• John Baileye reveals that he is about the create a new series of Mr Crabtree. He discusses his fears of taking on the Venables icon.
    • Many think that the Malloch or Illingworth reels were the first fixed-spools, but actually it was an American reel.

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    £6 (UK and Northern Ireland), £8 (Europe), £9 (Rest of the world)


     

    Issue 74


    • Fans bearing images of fishing and fishermen are surprisingly rare. Hélène Alexander Adda, director of the London-based Fan Museum, takes a look at social history reflected in fans and at some early European fans bearing fishing images.
    • This elderly woman isn’t just posing for a picture: she’s playing an 850lb marlin. Not bad for a great-grandmother of 85, out on her very first big-game fishing trip…
    • This rod, which sold for a mighty $6100 a Lang’s last auction, was made by Pinky Gillum, who refused to sell to people he considered unsportsmanlike.
    • Detective work by David Solomon uncovers the very spot on the Avon that Roderick Haig-Brown wrote about spotting a big pike in A River Never Sleeps.
    • This huge Nile perch is one of the biggest ever caught from the river that gave the fish its name. All Our Yesterdays tells the story.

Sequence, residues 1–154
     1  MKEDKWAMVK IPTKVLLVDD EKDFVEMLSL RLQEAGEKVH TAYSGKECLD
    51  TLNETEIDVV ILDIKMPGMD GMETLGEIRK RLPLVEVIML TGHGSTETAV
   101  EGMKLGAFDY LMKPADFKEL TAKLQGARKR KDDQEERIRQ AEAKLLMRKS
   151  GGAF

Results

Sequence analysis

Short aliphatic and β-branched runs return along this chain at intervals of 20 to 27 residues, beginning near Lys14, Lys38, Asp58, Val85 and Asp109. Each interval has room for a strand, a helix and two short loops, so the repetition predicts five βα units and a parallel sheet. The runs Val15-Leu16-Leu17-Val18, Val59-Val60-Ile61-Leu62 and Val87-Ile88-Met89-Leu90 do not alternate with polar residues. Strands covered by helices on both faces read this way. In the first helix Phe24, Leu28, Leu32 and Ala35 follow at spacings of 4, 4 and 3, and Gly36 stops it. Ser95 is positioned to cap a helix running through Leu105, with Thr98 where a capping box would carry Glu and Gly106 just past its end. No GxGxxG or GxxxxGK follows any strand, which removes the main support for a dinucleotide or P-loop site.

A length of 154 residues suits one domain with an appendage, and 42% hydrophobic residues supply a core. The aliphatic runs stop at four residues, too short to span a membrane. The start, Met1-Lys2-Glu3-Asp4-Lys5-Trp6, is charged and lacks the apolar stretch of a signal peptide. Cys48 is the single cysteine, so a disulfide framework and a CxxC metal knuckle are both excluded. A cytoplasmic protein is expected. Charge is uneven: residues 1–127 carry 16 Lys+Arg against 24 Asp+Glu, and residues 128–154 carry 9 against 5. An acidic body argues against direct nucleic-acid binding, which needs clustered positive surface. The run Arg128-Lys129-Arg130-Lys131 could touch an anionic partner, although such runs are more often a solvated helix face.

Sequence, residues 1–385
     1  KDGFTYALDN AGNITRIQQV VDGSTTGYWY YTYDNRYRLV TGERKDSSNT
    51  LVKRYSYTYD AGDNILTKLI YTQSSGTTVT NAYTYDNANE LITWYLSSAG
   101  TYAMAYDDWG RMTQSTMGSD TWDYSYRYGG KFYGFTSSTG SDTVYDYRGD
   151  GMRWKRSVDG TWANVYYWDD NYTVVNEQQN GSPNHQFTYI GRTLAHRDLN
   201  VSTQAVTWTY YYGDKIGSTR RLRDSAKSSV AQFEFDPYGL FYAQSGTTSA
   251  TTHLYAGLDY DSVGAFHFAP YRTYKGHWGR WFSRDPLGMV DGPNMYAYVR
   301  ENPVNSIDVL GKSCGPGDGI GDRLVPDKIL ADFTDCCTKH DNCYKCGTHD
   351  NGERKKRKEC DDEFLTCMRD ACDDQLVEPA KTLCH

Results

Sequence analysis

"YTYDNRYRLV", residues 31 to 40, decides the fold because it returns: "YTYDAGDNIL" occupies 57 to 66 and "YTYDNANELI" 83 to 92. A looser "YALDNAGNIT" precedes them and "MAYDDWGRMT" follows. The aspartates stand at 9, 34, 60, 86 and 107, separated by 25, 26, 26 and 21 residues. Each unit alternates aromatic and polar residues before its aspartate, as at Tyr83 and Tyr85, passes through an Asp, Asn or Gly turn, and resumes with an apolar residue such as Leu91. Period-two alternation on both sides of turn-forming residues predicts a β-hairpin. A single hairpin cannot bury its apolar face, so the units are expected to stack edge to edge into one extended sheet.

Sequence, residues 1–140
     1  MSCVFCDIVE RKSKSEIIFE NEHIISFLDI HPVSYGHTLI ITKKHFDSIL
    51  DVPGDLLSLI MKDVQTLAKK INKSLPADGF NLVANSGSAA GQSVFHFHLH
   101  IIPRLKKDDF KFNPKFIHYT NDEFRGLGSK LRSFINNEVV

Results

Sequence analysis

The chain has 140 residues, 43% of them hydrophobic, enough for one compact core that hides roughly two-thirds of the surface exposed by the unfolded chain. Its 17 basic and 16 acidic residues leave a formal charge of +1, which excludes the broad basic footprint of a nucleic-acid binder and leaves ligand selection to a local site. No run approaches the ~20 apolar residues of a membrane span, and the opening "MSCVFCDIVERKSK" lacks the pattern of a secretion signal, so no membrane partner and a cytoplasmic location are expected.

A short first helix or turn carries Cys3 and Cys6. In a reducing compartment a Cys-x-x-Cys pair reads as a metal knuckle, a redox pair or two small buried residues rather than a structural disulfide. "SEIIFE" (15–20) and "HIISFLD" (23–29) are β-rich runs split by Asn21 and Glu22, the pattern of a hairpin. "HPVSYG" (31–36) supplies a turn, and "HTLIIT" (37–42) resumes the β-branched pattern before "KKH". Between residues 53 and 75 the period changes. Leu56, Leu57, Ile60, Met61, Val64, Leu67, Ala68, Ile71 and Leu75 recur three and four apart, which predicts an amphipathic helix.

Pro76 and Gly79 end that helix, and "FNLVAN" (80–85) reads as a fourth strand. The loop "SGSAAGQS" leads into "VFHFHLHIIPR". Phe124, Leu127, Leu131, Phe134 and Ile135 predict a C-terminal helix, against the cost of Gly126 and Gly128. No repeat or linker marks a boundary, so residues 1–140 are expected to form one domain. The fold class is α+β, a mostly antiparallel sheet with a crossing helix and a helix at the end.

• John Bailey reveals details about the television series he is about to do, based on the book of Mr Crabtree Goes Fishing.
    • This handsome reel is a one-off. It’s the only titanium reel ever made by Steve Abel, and it came up for sale on eBay.

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    £6 (UK and Northern Ireland), £8 (Europe), £9 (Rest of the world)


     

    Issue 75


    • Dennis Pye always claimed that his pike weighed 34lb. But photographic evidence that has just come to light proved that it was exactly the same fish caught two days earlier by Pye’s protoge Derrick Amiss – at a weight of 24lb.
    • To many, he was the greatest golfer of all. But not many know that Arnold Palmer also put his name to a range of fishing reels that were among the nastiest and most unreliable Japanese reels ever produced.
    • Bookseller Steve Starrantino is setting up a fishing auction in the US to meet what he sees as a latent demand for a return to live sales. Lang’s, the major player, quit live auctions three years ago.
    • This wonderful picture of Joan Wulff in a 1952 casting championship is from a new book on Florida fishing legends and pioneers.
    • This very early Hardy Perfect sold for a hefty £10,000 at Bonhams auction, while a Farlow’s Fly wallet made £7500 at the same sale.
    • Heavyweight collector John Fahey is offering art, books, cased fish and rods for sale.
    • George Kelson is revered as the author of The Salmon Fly. But he was also a terrible plagiarist, writes Geoffrey Bucknall.

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    £6 (UK and Northern Ireland), £8 (Europe), £9 (Rest of the world)


     

    Issue 76